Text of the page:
opportunities for all high school scholars. These academies would include
targeted options such as a teacher cadet program or partnerships with local
businesses to enhance apprenticeships for students. Main themes from the
community town hall meetings included increasing rigor through implementation
of middle school-specific programming and improving high school achievement.
committed to engaging the school community in the next steps for our secondary
schools, as it is vital to invite our school community members to become part
of the conversation. As district leaders investigate opportunities to expand
middle grade offerings, some of our high schools may be impacted by the shift
in grade configurations. School community meetings will take place in early
August at the following schools:
- Northwest Community High
School: 6 p.m., August 8.
- George Washington Community
High School: 6 p.m., August 9.
- John Marshall Community High
School: 6 p.m., August 10.
- Broad Ripple Magnet High
School for the Arts and Humanities: 6 p.m., August 11.
additional feedback is gathered from families in person and through online
surveys, IPS leadership expects to make grade configuration recommendations to
Commissioners in August. The entire grade configuration presentation can be
Officer David Rosenberg shared the results of a study on a proposed change to
our district’s transportation schedule. IPS Strategic Plan 2015 item 2.8 states
“IPS will maximize resources to increase efficiency while maintaining high
quality service to schools by 2018, as measured by district data.”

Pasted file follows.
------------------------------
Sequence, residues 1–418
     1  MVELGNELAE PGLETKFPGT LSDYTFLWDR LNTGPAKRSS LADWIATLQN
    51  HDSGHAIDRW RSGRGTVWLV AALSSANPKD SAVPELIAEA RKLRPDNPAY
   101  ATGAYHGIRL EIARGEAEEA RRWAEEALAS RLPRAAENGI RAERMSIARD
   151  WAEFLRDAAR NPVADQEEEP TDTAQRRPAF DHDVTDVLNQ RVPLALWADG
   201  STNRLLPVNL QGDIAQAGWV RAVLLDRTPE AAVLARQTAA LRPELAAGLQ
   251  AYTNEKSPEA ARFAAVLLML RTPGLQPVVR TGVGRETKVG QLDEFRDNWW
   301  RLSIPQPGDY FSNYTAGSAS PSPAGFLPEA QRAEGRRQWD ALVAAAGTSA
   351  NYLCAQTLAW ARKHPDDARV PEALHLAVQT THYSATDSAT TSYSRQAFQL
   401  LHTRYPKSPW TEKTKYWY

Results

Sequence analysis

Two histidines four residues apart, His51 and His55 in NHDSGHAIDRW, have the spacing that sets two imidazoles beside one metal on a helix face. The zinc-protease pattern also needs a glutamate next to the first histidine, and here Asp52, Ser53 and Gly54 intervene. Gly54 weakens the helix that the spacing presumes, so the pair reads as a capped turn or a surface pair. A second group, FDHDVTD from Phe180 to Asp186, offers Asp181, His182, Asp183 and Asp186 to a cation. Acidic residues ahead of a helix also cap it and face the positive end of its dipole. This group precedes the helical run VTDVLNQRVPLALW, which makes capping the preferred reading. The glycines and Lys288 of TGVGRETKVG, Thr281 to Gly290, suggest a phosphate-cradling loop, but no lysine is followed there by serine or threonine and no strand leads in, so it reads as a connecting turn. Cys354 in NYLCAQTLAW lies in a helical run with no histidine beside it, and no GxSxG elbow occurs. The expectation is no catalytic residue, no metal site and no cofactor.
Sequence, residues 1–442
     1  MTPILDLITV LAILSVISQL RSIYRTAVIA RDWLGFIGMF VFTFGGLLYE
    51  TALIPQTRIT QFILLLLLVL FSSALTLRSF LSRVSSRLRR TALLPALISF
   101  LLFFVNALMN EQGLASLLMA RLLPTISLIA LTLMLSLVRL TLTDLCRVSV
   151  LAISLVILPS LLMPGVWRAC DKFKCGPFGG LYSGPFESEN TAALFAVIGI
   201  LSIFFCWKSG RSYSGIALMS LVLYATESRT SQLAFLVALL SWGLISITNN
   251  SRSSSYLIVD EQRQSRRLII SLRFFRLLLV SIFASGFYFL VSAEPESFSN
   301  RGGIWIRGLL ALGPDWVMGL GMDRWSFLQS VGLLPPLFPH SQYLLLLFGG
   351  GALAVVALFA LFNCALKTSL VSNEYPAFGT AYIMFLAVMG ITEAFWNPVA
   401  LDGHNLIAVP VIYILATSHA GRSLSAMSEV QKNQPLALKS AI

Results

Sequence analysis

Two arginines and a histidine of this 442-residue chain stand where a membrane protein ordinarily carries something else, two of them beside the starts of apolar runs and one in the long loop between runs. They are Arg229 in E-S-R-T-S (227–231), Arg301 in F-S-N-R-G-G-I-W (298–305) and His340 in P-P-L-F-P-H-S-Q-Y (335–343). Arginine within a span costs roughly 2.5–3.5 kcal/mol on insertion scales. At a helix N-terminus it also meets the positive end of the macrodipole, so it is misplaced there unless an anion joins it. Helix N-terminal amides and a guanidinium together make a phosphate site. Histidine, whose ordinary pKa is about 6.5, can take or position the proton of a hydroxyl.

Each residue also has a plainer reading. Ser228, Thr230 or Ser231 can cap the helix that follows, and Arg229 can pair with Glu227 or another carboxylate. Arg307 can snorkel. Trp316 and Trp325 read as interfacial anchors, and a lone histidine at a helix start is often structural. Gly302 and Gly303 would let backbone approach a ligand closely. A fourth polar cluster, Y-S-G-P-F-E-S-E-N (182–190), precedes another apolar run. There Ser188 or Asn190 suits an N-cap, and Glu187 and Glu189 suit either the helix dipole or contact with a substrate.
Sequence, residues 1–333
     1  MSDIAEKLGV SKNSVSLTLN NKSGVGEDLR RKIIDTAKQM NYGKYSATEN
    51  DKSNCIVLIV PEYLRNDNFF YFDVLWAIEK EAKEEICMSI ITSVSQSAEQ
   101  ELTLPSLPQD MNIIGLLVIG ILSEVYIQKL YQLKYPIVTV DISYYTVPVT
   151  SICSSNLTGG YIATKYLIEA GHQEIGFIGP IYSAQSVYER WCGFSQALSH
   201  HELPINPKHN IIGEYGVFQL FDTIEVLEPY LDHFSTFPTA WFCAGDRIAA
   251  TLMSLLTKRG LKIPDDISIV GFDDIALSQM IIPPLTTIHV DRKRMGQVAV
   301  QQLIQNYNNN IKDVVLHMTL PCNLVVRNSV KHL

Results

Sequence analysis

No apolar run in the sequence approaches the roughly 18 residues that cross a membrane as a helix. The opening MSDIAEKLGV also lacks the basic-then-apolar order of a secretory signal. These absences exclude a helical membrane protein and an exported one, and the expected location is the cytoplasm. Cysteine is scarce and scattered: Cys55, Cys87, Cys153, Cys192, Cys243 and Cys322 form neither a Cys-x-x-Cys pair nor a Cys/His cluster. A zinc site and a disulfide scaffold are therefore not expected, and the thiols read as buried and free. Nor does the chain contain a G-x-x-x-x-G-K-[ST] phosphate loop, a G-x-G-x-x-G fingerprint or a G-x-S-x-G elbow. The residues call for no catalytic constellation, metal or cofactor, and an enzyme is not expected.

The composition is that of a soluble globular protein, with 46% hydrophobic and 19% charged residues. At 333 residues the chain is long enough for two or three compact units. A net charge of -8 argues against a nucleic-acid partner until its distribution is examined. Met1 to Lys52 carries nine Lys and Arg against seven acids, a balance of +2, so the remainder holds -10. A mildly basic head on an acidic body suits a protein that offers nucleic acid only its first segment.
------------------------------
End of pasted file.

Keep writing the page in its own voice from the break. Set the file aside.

Refining our transportation schedule is a targeted effort to reduce operational
costs while improving service to students and families. Feedback from families
regarding transportation and school start times was gathered at our Community
Town Hall Meetings earlier this summer to inform future recommendations.
the study, the ideal three-tiered schedule would include the following school
start and end times:
- 8 secondary schools 7:20 a.m.
to 2:20 p.m.
- 22 K-8 schools 8:15 a.m. to 3:15
- 30 K-8 schools 9:05 a.m. to 3:40
would eliminate the need for 106 buses, and create a potential annual savings
of $7 million, allowing the district to redirect resources into strategic
initiatives including greater pay to retain our most talented and dedicated
transportation staff members. More community engagement is needed to assess the
impact on our schools and families before a recommendation is finalized.
Potential changes through grade reconfiguration will also factor into the final
recommendation for a transportation schedule. Rosenberg also noted that we are
proud to roll out 100 propane-fueled buses this year to increase efficiency,
and we look forward to completing our fleet with 200 additional buses for the
2017-2018 school year. The entire transportation presentation can be found here.
reviewed a presentation from Visiting International Faculty outlining an